It was a Funeral for a Friend.

To be more precise, it was a service celebrating the life of my best man and my BFF.

John Newhouse moved into heaven at 62-years-young.The world would be a better place if there were more John Newhouses. Alas he was taken from us way too soon.

The author of Almost DailyBrett was honored to deliver the third of four eulogies June 30.

Having long ago conquered Glossophobia, which hails from the Greek γλῶσσα glōssa, meaning tongue, and φόβος phobos, fear or dread, delivering a eulogy was still an unprecedented, daunting challenge. The emotion cannot be minimized. The semantic issues are real. Even the best orators are confronted by the strictures of the eulogy.

If the family requests a three-minute eulogy that does not mean you should double or triple that amount of time. As Carly Simon sang: “You probably think this song is about you.” It’s not. Time your presentation. Stick to the written script. Work on your transitions, timing and eye contract. They all need to be just right.

As an assistant professor, a PowerPoint, a laser pointer and a clicker are de-rigueur standard tools of the trade. Using the Steve Jobs technique, each slide is a prompt, making speaking notes superfluous. Alas, there are no PowerPoints or Prezis for presenting the eulogy.

Speaking extemporaneously or winging it is not an option. Don’t go there. The eulogy needs to be just right. Standing behind the podium and mentally searching for the right words at the right time in the presence of the audience can very well lead to an embarrassing rhetorical train wreck.

And yet even with a tight script, the English language simply will not rise to the occasion. Nonetheless, there must be chosen words and they may not be perfect – that’s not possible – but still they must describe my best friend for 41 years.

Borrowing from another tongue, the Latin words of the U.S. Marine Corps motto — Semper Fidelis/ Semper Fi (always faithful) — spoke to the character of John Newhouse.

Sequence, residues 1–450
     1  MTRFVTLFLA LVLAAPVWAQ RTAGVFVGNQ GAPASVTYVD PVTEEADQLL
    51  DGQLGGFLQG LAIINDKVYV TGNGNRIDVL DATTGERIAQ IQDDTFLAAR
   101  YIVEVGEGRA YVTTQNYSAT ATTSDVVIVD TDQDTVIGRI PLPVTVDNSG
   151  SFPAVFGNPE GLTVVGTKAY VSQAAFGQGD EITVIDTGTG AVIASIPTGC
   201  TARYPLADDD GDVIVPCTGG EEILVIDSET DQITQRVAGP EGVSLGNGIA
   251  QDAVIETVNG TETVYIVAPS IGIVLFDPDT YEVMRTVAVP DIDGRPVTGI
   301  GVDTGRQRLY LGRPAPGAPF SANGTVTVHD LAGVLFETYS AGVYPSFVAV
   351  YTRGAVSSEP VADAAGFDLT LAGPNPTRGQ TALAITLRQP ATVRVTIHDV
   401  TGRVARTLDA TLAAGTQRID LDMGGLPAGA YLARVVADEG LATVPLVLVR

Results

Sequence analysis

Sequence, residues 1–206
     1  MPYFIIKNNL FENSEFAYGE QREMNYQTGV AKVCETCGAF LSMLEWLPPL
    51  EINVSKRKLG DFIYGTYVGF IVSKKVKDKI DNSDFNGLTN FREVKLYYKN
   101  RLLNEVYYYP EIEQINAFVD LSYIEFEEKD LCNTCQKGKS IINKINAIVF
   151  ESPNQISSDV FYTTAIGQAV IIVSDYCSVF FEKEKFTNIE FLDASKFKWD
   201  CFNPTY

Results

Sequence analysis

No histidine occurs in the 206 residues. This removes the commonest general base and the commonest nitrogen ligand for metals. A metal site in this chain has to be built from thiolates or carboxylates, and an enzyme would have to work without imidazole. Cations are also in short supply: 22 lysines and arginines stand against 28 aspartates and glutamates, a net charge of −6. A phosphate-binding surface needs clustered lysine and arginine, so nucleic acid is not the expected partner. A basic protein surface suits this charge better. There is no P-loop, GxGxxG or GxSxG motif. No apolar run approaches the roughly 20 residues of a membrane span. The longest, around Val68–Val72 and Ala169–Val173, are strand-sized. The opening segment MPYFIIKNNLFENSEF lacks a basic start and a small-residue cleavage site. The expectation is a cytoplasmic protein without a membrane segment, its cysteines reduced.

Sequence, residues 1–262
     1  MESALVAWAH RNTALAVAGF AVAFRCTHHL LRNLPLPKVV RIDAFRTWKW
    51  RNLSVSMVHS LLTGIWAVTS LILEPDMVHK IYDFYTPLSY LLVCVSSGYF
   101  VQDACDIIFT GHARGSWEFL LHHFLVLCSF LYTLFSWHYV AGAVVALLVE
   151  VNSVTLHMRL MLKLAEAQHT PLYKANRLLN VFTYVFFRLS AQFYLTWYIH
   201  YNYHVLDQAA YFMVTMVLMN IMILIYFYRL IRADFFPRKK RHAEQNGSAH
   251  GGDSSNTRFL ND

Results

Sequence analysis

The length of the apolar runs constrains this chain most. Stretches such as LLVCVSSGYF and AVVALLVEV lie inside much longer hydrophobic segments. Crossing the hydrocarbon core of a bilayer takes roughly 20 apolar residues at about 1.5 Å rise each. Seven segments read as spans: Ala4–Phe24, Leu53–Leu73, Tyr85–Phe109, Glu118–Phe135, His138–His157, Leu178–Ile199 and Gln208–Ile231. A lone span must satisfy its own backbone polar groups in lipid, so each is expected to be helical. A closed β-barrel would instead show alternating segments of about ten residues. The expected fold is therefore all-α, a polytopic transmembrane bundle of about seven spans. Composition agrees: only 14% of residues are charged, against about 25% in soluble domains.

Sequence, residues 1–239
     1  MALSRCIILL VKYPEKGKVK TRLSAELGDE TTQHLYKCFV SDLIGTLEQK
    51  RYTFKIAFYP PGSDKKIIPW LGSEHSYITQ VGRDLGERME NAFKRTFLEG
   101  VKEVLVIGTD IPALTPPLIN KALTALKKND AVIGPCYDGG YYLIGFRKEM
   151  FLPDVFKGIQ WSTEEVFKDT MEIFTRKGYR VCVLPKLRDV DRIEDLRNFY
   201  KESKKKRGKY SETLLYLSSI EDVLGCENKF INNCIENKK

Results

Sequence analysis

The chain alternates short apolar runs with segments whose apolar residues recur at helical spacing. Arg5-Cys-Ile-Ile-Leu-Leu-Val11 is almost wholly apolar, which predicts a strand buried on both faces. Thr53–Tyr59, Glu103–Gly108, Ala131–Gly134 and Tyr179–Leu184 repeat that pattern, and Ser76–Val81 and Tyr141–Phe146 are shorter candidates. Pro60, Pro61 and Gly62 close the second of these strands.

Regardless of his given cause/affinity, John was always loyal: The Spirit of Troy, The Los Angeles Dodgers, our USC Fraternity Phi Kappa Tau, his fellow Rotarians, his youth baseball teams … and most of all his family.

Looking into the collective eyes of his grieving family and recounting John’s unshakeable commitment to his two sons regardless of the circumstances, and how he treasured his wife and instinctively knew he overachieved in marriage, is a testament to why the phrase Semper Fi is appropriate.

Even though the author of Almost DailyBrett endured 12 years of parochial school with its sentences diagrams and the petty tyranny of the nuns and priests, the question comes whether it is kosher to add a Biblical verse 1 Corinthians near the conclusion of a church eulogy.

“Love is patient. Love is kind … “seemed to work for this setting. John was patient, did not keep score (except at a baseball game), always protected, always trusted. Yes, 1 Corinthians did the job.

As the clock clicked past three minutes, it was time for the close and a promise to share a microbrew together, if your author ever makes it to the pearly gates.

There are a myriad of challenges that each one of us will face in life. We will do better with some than others. Crafting and properly delivering the eulogy is one of them. With proper preparation, an understanding the English language will not cut it, and with a confidence the words will make the mark, then it will be time to go forward to remember, celebrate and pay proper respects to a departed colleague, friend or dear family member.

“Love Never Fails.”

John Robert Newhouse: A Celebration of Life

“John Newhouse was my best man.

“John Newhouse was my best friend … forever.

“He was everyone’s friend.

“He was my fraternity brother … and a fraternity brother to several in this room.

“He was the kindest person I ever knew.

“John Newhouse loved the world, and was a renowned traveler.

“My grandfather told me there were two places he never wanted to go.